It also might have helped if the ersatz mythology weren't quite so silly. Names like "narf" and "scrunt" sound more like those cheesy fight-scene effects from the Batman shows of the '50s. Blam! Dip! Scrunt! The film began as a bedtime story for his children, which may explain its disjointed and simplistic structure. It's certainly not a movie for kids though - the beasties will scare the hell out of them, and the rest will confuse or bore them. As talkshow host Jon Stewart remarked after being told by Shyamalan that his stories did not give him nightmares: "You may not dream, but your kids are f**cking terrified!"
We could perhaps have forgiven these faults if the film remained true to itself, but its self-indulgent streak is inexcusable. For Shyamalan to cast himself in his own film is bad enough, but to give himself the part of a messianic writer who words will change history is beyond the pale. There's also a nasty cynical edge to some parts of the film that jars with the quasi-mythical style. The only unlikable character in the story is a film critic (yes, really), and Shyamalan takes great pleasure in killing him off, despite the fact that this adds nothing to the movie.
As for the wonderful cast, they do their best with the material, but they are hamstrung by writing that turns them into agents of the plot instead of believable characters. The beautiful and talented Bryce Dallas Howard is wasted on this static role. This is her second feature with Shymalan and she looks set to become his muse. Paul Giamatti suffers manfully through his role, bringing pathos to what could have been an utterly limp character.
For all its faults, Lady in the Water still has some flashes of brilliance. Even at his most infuriating, Shymalan has a talent for tapping into the dark power of human imagination. In that respect he can hold his own next to the likes of Terry Gilliam, Tim Burton and even his own idol, Alfred Hitchcock. But, like all those filmmakers, when he wallows in unstructured creativity he makes unwatchable films (Gilliam's recent The Brothers Grimm is another good example).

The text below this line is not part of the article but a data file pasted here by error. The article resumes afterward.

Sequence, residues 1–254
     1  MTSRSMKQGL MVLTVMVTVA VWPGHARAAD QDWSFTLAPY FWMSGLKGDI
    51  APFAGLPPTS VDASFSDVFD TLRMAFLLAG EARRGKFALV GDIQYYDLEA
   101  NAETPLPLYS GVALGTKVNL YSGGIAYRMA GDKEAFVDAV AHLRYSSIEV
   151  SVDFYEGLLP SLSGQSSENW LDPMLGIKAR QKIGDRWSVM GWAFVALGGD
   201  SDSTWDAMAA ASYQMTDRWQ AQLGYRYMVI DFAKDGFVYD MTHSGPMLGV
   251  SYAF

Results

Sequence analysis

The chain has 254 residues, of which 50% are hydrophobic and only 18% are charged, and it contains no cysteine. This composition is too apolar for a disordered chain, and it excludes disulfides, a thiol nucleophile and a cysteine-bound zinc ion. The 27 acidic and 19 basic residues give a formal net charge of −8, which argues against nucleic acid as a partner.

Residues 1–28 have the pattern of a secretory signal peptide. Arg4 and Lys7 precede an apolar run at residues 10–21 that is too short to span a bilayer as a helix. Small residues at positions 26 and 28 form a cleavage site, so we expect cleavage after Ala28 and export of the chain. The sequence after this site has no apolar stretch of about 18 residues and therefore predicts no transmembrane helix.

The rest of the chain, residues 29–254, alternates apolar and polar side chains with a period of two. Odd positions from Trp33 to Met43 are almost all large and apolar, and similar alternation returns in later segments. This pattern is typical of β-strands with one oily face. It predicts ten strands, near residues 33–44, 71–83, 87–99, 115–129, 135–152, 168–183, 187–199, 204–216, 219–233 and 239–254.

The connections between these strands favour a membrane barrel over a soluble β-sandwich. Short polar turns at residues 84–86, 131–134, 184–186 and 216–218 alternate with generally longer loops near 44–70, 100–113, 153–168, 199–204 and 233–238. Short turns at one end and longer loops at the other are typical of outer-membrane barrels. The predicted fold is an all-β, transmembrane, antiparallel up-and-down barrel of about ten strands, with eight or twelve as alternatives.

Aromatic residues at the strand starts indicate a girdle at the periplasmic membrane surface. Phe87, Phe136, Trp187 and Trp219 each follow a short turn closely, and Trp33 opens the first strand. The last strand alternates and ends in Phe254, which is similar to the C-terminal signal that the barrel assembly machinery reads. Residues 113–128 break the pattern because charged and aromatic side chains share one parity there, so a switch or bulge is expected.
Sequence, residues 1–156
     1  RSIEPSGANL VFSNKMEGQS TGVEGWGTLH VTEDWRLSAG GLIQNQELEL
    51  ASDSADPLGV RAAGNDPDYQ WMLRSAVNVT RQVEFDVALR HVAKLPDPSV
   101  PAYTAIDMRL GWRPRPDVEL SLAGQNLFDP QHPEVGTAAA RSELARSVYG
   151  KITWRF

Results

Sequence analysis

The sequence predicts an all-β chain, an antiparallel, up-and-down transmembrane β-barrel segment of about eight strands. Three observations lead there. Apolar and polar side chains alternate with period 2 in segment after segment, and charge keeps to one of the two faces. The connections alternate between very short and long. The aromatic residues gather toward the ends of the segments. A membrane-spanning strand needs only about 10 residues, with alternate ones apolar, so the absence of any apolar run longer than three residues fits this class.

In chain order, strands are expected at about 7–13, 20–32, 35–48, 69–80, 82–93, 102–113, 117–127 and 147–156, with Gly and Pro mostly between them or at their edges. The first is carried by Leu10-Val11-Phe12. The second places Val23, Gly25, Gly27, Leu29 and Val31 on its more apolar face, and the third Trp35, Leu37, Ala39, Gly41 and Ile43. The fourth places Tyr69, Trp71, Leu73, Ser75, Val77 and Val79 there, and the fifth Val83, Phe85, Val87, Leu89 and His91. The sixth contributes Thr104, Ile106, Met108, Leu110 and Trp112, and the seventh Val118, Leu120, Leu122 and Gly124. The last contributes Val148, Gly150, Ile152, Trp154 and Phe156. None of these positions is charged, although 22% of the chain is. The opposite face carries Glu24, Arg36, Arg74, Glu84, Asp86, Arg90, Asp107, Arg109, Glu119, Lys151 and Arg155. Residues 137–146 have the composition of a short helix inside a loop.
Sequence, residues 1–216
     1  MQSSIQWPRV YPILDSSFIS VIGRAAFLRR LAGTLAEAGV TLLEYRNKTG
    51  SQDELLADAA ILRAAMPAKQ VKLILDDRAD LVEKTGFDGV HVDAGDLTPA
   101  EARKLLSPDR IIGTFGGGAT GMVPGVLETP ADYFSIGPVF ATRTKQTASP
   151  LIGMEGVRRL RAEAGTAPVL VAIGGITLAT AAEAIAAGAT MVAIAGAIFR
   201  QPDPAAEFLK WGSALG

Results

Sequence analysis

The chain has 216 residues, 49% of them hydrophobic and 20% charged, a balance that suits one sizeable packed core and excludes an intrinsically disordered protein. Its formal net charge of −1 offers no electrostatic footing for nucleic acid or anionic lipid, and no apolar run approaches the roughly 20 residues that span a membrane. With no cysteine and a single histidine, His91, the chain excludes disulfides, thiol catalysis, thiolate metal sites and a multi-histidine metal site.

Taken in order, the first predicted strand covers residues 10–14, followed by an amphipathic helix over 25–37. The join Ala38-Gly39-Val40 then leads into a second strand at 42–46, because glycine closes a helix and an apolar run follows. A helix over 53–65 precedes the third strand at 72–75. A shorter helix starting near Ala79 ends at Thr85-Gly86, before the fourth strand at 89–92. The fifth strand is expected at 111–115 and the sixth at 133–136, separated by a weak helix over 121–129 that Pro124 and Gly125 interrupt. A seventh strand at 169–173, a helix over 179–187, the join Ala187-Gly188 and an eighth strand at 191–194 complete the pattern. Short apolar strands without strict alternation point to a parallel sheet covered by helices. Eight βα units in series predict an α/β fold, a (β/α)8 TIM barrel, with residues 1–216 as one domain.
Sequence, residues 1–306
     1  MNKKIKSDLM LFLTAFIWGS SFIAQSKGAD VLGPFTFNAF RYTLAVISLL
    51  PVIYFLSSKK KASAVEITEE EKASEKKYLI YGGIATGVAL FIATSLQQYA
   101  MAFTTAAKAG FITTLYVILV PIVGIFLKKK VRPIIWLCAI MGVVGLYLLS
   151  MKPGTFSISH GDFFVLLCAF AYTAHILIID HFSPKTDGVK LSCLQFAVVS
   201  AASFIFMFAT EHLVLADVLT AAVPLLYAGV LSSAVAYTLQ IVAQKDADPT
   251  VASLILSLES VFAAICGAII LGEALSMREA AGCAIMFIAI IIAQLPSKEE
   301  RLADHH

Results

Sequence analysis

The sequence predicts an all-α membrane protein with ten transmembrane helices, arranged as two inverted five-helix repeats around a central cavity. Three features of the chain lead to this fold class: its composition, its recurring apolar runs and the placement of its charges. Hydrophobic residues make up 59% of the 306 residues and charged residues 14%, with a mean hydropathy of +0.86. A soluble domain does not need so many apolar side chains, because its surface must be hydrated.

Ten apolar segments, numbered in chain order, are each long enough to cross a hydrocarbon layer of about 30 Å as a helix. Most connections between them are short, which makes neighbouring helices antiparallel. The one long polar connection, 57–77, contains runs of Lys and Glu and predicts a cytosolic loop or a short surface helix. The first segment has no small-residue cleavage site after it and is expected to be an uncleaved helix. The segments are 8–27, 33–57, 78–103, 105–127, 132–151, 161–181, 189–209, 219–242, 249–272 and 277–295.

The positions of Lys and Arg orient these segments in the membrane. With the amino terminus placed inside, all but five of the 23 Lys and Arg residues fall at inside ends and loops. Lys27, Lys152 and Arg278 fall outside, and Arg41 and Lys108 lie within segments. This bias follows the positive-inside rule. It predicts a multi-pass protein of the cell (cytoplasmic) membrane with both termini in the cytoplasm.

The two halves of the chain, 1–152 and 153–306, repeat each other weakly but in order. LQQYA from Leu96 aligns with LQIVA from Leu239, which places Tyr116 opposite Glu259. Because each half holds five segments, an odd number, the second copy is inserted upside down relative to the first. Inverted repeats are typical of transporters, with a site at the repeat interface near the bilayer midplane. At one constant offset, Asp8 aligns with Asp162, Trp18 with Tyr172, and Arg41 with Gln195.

Perhaps the most depressing thing about Lady in the Water is the amount of ammunition it provides for Shymalan's detractors. Many have denounced him as a charlatan - a peddler of cheap parlour tricks - and this sort of muddled claptrap only validates those slurs. His fans can only hope he will rally with his next film and prove the critics wrong. Whatever they may say, a world without the fevered visions of M. Night Shyamalan would be a poorer place indeed.
- Alistair Fairweather
We've been eagerly awaiting this new offering from the makers of The Sixth Sense. Pity it's so silly, self-indulgent and emotionally soggy.
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Hands of Stone is a bland, unlikable portrayal of a real-life boxer that struggles to hit the highs of Rocky IV let alone Raging Bull or the original Rocky. Mark this one down as “for boxing fanatics only”. Read More »
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